“The Rustle of Language”

Galleria Francesca Kaufmann

Taking its title, “The Rustle of Language,” from the collection of forty-five essays written by Roland Barthes between 1967 and 1980, this group show offered a study of the relationship between word and image in contemporary communication. By necessity, the works chosen showed tremendous variety. The exhibition began with two yellow polygons, painted on the wall next to a pair of plinths, also yellow, which in turn supported two monitors showing a loop of two different moments from a 1970 Carpenters concert in which Karen Carpenter performed the hit “Close to You.” The work in question, Candice Breitz’s Double Karen: Close to You, 1970–2000, is from Breitz’s 2000 series “Four Duets.” Arranged on the wall opposite the entrance were three drawings by Lily van der Stokker, one in acrylic on cardboard, one in marker and pen on paper, and one in acrylic on linen; made between 1989 and 1993, they present a series of dates, written by hand one after another in a seemingly endless calligraphy. This first room also included a work by Roman Ondák—a shelf supporting a pile of coins, Pocket Money of My Son, 2007—and photos by Christian Marclay from 2003–2004, depicting various urban signifiers ranging from a public telephone to bags of food in gaudy colors; a collage made by superimposing a landscape over a photographic portrait of a human face, John Stezaker’s Mask XVIII, 2006, and Housemeister, 2008; and a video by Yoshua Okon showing a suspicious figure with a grotesque face emerging from a little door in a white cube—each perhaps meant to signify how the word can also be only evoked, alluded to by gestures.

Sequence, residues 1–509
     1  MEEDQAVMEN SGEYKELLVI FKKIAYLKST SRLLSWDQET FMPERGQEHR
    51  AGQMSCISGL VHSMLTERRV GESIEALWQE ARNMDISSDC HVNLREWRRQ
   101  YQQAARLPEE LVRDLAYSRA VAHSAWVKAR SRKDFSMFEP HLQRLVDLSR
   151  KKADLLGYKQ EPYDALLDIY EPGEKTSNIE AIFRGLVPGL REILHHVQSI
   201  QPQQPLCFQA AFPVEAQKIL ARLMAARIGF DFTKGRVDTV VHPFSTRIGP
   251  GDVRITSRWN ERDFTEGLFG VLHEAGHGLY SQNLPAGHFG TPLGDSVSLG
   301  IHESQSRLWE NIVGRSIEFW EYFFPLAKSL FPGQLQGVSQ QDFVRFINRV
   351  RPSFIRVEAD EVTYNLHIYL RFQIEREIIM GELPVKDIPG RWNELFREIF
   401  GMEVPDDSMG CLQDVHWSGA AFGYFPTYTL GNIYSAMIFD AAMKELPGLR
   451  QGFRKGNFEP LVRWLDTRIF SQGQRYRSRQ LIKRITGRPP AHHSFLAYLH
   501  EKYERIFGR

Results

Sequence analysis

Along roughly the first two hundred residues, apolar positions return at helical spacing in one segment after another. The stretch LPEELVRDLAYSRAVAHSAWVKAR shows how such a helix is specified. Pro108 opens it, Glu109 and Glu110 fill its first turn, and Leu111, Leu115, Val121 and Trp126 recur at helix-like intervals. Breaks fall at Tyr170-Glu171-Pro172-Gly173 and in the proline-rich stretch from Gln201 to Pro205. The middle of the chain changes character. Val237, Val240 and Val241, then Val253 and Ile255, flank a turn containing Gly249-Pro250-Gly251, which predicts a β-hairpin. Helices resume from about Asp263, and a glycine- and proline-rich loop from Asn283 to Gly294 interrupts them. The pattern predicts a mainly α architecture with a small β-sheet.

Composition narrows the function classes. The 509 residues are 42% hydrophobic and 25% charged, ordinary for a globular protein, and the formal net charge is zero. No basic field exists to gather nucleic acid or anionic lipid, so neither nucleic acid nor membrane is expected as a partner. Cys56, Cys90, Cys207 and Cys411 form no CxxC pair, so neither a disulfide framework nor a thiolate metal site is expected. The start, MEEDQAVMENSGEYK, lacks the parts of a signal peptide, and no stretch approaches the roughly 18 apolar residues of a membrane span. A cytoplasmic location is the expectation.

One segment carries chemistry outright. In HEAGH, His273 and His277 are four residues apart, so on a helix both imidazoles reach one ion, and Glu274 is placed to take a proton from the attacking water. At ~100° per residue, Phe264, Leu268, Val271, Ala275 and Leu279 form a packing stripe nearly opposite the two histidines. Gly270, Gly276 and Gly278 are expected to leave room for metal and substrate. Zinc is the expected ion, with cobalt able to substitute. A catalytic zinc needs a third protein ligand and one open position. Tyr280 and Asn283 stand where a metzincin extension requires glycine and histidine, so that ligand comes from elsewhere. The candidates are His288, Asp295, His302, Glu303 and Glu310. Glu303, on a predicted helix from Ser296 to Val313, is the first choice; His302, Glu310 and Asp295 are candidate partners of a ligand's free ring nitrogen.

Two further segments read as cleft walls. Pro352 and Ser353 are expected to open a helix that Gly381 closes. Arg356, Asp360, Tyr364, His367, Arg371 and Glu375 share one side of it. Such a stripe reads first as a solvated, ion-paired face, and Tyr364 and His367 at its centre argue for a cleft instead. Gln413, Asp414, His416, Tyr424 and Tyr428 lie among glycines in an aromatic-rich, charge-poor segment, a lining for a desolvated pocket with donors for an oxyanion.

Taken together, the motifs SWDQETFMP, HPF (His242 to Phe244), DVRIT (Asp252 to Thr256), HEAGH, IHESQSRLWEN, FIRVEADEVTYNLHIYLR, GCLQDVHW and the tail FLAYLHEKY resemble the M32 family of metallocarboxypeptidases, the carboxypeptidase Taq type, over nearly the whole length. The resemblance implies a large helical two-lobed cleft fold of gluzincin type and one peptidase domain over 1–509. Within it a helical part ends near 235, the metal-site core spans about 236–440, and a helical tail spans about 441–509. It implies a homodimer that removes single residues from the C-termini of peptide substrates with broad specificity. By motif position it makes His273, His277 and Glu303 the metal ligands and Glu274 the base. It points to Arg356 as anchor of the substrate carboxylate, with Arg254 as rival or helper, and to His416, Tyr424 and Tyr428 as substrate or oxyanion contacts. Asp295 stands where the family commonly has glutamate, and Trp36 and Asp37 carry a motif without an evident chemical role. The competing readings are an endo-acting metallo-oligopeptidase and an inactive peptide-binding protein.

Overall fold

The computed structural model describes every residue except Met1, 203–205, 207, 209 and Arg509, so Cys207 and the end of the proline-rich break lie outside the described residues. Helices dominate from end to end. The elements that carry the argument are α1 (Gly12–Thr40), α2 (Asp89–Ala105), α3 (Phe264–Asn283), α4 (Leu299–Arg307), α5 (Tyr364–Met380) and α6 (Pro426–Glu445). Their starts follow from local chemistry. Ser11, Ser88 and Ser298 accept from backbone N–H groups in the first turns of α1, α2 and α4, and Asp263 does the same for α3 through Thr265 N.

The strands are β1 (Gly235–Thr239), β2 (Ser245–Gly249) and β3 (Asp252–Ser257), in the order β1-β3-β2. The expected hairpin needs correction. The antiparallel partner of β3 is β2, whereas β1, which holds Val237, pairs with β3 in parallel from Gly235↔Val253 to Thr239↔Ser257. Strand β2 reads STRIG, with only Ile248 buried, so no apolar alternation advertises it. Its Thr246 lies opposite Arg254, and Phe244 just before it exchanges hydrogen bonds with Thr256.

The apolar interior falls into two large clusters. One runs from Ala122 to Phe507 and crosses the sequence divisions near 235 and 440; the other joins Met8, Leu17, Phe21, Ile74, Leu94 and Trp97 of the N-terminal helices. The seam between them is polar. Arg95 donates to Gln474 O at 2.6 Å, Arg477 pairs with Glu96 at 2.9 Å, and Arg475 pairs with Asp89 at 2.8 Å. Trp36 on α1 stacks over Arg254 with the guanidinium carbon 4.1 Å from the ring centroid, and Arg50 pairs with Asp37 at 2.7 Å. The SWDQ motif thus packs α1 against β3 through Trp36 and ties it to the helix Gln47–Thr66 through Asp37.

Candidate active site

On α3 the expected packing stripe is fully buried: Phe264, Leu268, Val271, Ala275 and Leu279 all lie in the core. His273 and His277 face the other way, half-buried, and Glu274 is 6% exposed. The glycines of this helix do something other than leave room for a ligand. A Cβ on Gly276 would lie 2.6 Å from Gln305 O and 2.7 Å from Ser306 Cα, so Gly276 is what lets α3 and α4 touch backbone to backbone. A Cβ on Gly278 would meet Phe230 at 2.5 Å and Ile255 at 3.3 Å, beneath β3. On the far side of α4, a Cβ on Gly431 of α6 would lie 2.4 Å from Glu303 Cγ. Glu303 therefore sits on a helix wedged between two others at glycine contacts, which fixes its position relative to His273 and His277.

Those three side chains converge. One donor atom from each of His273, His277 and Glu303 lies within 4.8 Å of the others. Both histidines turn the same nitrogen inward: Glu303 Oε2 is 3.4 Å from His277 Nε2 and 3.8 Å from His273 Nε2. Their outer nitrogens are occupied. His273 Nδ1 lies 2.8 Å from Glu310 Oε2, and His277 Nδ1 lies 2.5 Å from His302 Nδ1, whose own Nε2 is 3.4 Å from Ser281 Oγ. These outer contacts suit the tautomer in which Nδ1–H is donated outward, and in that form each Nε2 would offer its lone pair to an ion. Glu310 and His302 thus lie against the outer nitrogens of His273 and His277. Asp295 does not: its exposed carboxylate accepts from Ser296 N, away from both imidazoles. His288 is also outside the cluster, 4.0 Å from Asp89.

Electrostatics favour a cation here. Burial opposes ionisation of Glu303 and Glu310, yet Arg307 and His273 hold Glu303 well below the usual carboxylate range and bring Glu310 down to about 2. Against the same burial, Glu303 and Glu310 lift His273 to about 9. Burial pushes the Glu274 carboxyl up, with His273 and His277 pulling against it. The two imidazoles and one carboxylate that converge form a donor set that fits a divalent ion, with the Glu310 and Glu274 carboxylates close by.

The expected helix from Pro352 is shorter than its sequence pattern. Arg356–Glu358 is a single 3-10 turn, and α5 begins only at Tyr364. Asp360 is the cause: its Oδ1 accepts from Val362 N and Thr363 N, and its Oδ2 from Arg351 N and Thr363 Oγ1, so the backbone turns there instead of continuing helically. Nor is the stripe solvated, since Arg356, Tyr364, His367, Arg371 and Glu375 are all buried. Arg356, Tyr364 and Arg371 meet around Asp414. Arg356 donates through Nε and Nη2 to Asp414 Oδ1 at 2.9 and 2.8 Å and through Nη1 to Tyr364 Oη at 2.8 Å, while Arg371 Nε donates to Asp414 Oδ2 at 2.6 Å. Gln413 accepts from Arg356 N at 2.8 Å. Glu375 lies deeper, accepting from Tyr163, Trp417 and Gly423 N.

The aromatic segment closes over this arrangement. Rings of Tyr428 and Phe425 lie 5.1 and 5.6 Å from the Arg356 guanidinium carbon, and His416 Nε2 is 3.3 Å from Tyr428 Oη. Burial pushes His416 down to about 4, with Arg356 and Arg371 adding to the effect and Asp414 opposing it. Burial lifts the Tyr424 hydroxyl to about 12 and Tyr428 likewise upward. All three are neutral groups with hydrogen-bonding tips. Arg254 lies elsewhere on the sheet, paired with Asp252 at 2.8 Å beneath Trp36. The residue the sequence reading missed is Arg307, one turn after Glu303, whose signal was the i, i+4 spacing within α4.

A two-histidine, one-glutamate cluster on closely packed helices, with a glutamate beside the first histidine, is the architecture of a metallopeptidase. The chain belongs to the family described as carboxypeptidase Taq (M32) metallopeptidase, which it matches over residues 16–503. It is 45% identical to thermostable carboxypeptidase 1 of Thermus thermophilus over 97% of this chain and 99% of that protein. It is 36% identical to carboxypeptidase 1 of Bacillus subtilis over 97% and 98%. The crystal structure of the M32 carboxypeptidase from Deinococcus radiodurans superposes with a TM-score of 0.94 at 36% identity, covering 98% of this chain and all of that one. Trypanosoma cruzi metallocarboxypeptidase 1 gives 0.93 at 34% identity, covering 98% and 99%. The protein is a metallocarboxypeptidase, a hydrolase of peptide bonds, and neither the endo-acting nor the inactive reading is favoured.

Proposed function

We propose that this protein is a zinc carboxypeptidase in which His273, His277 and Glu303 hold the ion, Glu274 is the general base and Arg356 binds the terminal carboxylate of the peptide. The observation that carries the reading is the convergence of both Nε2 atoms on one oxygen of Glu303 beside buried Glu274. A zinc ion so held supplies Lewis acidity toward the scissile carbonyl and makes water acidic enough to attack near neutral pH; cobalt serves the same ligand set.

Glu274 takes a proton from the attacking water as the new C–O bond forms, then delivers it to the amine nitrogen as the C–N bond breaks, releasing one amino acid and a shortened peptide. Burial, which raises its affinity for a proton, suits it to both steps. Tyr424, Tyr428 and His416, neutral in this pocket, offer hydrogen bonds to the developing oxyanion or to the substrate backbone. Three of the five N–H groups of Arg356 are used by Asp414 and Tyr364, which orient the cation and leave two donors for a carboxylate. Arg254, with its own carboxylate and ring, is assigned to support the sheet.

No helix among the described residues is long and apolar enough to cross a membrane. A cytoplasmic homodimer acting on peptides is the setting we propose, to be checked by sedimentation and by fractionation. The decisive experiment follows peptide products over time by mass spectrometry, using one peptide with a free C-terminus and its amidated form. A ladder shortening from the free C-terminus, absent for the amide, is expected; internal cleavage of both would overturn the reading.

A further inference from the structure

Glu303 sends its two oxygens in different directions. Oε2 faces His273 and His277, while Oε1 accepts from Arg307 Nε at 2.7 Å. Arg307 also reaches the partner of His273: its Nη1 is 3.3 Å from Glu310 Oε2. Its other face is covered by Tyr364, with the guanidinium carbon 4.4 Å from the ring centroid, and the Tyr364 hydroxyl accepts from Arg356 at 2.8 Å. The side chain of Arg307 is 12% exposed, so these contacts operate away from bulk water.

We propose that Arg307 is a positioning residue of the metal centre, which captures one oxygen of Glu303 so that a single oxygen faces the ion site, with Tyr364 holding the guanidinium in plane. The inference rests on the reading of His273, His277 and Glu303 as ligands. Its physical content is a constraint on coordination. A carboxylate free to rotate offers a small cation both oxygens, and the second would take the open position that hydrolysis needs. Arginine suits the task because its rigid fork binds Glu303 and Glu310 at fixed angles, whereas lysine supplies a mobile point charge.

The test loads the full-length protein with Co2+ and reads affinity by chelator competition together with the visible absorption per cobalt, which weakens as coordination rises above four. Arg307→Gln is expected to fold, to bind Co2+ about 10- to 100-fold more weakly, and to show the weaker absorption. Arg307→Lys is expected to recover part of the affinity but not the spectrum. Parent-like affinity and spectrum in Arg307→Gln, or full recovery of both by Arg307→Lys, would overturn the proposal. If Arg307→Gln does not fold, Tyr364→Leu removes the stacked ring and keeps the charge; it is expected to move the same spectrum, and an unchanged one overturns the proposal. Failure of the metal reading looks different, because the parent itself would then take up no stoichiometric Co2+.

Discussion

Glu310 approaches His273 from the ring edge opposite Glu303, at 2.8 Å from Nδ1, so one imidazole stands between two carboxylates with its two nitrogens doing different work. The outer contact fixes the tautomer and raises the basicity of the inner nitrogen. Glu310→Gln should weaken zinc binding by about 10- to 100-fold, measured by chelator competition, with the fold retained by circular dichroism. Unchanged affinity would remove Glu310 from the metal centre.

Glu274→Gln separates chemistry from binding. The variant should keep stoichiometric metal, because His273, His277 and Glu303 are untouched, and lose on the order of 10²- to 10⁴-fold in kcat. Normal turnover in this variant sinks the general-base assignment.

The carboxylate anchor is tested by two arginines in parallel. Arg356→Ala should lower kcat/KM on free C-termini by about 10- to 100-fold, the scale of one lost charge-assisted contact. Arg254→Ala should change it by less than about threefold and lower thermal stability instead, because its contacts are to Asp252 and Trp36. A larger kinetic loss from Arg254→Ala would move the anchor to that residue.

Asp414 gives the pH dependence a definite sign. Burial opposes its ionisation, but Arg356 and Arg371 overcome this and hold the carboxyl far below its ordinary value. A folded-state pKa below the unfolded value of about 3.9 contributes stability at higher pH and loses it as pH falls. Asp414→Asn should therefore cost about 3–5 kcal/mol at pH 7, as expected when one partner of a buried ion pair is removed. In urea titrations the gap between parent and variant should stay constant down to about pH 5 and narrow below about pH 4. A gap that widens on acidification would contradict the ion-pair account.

The second part of the show examined the juxtaposition of signs in greater depth. Fikret Atay’s video Theorists, 2009, depicted a prayer in motion, or rather the continuous hustle and bustle of the faithful gathered inside a mosque; Until It Makes Sense, 2004, by Mario Garcia Torres, consisted of the title’s words projected onto the wall; they seemed to float lightly in the space. In these rooms the overlapping of imaginary voices left no room for silence. Writing becomes painting, as in two 2009 works by Ricci Albenda that faced each other, one yellow, the other pink, with the titles pff and eek painted on the monochrome canvases. The very contiguity of the works generated a kind of babble, a rhythm in which phrase and gesture intertwined through the most widely varied expressive means and, once again, the resulting synesthetic mishmash left no room for silence. Even when the word disappears, as in the photo of an untouched ruled notebook by Anne Collier, Guilt (Page 107), 2008, it seems only to reappear, signified by the projected drawings of Dan Perjovschi, Diorama of the Venice Biennial, 2008, or by Stezaker’s collages of overlapping faces and views, 2006–2007; or to become fragmented, as in the individual letters and punctuation marks typed out in three works by Henri Chopin, all 1983, and finally intuited, through Collier’s Sylvia Plath, 2008—photos of the cover of a spoken-word LP.

Marco Tagliafierro

Translated from Italian by Marguerite Shore.